The Ugly Truth About Makeup Counters


Image from beautyhigh.com

Makeup counters are hard to ignore. With an array of eye-catching colors and potential purchases, they are designed to draw the customer in, but a new study may have ladies thinking twice before they dare to test out in-store samples.

The New York University Microbiology department recently teamed up with Good Morning America to conduct an undercover experiment that produced alarming results. They found that lip glosses and mascara samples are not the only things women could be applying to their faces. The study, which was conducted in 10 stores throughout 2 different states, revealed that 1 in 5 makeup counter products are contaminated with yeast, mold, dangerous bacteria, and even fecal matter! Applying a sample that unsanitary can lead to infections, rashes, break-outs, and illnesses.  Most people do not take into consideration just how many people have come before them and used the exact same samples.

There is nothing wrong with going the extra mile when it comes to safety and health, so don’t be hesitant to ask the beauty associate at the makeup counter to ensure the products are not contaminated.  The study found that brushes and foundation samples had the highest levels of bacteria, so when at the makeup counter women should request that the associate thoroughly cleans the brushes in front of them so that they can be positive they aren’t using a potentially harmful beauty tool.

Dr. Philip Tierno of NYU’s Langone Medical Center insists, “You don’t have to panic. You just have to realize that if you have an open cut, you might not want to go that route of using makeup that has been used by other people before you.” While his advice is appreciated, open wound or not, the uncleanliness of the makeup samples and the possible dangers that could be lurking on them is enough to make me stay away. If avoiding the makeup counter is impossible, then there is a list of recommendations provided by GMA to help women stay safe when trying out new products. The tips are as follows:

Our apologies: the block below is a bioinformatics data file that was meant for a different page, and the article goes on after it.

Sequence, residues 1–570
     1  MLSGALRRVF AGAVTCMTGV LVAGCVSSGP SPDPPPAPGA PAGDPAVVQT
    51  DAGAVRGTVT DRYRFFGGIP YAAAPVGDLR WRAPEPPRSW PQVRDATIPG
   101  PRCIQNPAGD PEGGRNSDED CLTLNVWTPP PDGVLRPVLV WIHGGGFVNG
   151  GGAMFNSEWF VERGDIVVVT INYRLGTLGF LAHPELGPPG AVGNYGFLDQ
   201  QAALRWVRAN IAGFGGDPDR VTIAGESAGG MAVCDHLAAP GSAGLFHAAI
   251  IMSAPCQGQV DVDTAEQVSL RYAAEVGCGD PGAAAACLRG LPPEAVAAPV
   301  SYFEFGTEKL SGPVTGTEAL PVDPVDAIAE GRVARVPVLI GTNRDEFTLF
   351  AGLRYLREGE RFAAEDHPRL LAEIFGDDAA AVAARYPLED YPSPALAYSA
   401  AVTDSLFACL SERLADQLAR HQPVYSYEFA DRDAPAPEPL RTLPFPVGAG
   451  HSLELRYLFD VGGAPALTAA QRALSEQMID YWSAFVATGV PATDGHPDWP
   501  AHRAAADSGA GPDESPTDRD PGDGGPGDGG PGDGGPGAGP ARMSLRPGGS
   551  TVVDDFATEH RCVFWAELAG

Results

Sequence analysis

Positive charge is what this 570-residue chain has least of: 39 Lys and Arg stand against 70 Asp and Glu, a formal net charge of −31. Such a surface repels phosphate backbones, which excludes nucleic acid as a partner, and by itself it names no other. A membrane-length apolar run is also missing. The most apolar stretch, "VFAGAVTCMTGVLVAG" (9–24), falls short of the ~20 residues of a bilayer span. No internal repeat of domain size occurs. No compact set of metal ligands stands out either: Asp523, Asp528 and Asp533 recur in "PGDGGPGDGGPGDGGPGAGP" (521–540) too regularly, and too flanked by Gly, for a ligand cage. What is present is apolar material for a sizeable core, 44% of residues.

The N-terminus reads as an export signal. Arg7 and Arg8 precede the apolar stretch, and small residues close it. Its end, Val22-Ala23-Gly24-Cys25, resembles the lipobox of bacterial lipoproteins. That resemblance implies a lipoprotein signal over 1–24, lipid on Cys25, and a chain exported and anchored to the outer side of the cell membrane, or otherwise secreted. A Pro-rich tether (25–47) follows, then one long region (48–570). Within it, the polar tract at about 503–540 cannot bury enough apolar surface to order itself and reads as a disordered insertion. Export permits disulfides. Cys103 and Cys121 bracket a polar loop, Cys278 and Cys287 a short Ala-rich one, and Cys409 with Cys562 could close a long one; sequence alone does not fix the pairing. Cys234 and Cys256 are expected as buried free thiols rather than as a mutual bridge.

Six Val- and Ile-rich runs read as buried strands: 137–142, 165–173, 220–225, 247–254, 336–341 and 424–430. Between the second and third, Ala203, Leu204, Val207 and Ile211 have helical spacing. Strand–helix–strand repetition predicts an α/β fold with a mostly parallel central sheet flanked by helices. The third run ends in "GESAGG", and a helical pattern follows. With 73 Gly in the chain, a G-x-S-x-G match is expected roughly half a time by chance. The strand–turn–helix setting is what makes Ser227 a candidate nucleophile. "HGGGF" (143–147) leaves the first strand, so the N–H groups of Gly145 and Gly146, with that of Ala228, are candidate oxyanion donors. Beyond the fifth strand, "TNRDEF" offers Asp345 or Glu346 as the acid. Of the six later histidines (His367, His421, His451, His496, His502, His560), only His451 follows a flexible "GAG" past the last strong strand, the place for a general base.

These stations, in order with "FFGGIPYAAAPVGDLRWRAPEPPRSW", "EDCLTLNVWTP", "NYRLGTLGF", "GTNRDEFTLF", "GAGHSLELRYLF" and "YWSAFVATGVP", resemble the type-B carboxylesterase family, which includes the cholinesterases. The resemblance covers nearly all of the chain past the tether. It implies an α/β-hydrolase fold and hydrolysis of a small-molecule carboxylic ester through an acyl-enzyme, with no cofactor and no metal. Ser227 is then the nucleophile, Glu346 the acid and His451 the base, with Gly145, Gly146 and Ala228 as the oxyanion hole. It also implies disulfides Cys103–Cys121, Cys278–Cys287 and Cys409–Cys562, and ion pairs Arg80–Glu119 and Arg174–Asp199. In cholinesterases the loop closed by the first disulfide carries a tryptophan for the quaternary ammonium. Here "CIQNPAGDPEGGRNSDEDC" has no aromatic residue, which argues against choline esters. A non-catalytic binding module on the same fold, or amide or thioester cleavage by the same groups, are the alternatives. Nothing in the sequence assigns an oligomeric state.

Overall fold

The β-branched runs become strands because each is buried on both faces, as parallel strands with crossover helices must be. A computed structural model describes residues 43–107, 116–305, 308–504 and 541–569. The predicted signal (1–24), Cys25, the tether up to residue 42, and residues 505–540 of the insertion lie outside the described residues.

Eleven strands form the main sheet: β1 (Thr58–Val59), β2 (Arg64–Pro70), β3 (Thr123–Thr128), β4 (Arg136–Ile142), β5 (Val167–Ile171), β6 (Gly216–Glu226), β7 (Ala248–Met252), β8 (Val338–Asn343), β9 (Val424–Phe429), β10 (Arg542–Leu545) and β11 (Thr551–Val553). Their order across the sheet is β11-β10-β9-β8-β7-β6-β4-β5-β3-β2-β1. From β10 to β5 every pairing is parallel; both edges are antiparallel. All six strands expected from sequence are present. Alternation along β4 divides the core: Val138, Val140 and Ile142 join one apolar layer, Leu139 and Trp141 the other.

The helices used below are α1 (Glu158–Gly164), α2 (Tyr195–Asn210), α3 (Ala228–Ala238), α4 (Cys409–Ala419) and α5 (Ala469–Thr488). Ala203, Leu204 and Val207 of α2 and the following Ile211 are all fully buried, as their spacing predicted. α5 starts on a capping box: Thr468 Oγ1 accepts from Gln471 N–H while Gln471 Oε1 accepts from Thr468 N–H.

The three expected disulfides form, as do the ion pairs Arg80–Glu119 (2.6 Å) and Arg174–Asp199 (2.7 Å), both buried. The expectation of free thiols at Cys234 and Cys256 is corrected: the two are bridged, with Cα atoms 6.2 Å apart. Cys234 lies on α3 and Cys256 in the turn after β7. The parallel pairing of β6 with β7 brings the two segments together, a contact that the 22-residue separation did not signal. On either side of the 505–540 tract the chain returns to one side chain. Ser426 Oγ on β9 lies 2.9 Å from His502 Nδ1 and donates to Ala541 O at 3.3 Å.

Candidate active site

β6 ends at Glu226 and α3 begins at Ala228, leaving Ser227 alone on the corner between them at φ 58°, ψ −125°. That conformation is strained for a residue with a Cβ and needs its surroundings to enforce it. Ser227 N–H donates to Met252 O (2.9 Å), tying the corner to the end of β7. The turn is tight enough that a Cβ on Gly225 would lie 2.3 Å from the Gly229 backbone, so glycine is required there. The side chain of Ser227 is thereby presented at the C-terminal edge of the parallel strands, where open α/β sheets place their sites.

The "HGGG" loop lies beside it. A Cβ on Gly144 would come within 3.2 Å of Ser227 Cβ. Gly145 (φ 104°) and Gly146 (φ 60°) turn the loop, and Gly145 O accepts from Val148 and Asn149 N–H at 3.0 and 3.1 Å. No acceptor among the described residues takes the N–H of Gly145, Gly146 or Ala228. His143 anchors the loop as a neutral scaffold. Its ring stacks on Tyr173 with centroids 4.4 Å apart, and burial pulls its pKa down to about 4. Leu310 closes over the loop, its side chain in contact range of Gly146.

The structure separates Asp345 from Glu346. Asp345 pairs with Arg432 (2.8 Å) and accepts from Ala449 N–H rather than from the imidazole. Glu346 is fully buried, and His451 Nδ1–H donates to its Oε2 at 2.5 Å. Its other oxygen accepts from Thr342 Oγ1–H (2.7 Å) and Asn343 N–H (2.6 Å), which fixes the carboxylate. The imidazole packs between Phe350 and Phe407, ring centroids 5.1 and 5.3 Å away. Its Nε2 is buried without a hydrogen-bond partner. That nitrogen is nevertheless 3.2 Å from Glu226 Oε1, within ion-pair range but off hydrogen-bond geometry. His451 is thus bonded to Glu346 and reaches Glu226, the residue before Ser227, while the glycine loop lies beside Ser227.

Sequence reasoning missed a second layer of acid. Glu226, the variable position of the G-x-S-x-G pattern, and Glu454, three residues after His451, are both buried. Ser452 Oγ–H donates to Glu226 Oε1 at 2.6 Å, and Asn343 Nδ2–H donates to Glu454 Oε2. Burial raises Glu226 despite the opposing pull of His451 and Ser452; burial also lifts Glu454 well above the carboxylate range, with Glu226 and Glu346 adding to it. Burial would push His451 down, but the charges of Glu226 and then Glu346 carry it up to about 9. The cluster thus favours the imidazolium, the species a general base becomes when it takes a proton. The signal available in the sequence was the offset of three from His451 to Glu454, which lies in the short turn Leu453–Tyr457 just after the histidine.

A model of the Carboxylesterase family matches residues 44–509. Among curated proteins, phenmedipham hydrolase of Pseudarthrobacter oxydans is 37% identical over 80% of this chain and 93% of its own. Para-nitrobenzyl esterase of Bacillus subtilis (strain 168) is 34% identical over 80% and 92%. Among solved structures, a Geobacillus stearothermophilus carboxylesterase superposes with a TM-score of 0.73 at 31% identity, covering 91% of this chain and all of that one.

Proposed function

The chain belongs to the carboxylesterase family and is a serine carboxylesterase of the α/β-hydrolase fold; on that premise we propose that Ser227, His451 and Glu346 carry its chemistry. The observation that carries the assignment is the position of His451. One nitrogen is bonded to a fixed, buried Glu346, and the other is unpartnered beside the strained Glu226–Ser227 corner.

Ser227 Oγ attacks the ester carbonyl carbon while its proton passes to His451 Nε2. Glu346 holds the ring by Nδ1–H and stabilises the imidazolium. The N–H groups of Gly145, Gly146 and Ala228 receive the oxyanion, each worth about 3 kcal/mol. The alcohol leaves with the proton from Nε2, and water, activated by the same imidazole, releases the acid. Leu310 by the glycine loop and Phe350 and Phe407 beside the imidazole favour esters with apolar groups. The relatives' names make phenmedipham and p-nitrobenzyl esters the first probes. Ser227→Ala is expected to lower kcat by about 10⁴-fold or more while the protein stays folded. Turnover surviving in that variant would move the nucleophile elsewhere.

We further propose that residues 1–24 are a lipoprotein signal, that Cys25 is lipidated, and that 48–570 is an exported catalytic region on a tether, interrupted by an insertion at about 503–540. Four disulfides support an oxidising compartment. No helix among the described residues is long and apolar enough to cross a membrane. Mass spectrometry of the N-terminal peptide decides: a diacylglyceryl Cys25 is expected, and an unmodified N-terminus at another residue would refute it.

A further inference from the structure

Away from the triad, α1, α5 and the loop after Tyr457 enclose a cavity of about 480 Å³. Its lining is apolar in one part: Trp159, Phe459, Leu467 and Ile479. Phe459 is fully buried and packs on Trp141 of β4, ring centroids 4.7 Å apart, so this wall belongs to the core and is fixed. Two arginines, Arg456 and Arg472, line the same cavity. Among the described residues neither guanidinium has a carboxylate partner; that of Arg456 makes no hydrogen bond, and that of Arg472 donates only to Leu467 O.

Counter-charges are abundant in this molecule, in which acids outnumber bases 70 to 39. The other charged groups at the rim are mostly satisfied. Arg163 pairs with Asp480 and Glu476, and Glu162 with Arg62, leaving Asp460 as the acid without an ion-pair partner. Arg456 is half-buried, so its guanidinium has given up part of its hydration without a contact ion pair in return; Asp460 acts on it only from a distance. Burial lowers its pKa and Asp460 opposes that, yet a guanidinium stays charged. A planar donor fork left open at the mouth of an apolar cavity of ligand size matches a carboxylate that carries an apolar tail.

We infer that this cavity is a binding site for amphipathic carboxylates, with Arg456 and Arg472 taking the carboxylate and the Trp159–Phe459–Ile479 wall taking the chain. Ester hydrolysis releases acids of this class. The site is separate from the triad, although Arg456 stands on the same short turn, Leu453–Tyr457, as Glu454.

1) Research the makeup you want online before you go to the store, so your choices are narrowed and you don’t have to try as many.

2) Be wary of even disposable wands because you never know how many people double-dip the samples.

3) Stay away from open jars of lip gloss, moisturizer and foundations, because people may have dipped their fingers into them -and hands are hotbeds of germs.

4) When testing eye shadow and eyeliner, use a disposable applicator and test it on your hand, not your eyes.

5) To test a new foundation, apply it to your neck, away from your face and lips.

6) Ask the salesperson to sterilize lipstick tubes with alcohol before you try them. Our “GMA” tests showed that kills the bacteria.

7) To try a new lipstick shade, apply it to the pad of your finger, not anywhere near your mouth.

8) Test concealer on your inner wrist, not your face, where the lighter coloring will usually match your under-eye area.

9) Never test mascara from a used tester bottle. Ask the clerk to open a fresh tester and give you a disposable wand. Dip each wand only once, to avoid contaminating the sample for the next customer. If a new tester isn’t an option, don’t test at all. Instead, ask the salesperson to describe the mascara to you.

10) Many stores now have a “buy and try” policy, where you can purchase cosmetics, take them home to try on, and then get a full refund if you’re not happy.

While makeup counter samples are convenient and prevent the customer from possibly making a bad purchase, it is important to keep in mind the dangers of unsanitary products and to put health and safety before beauty.

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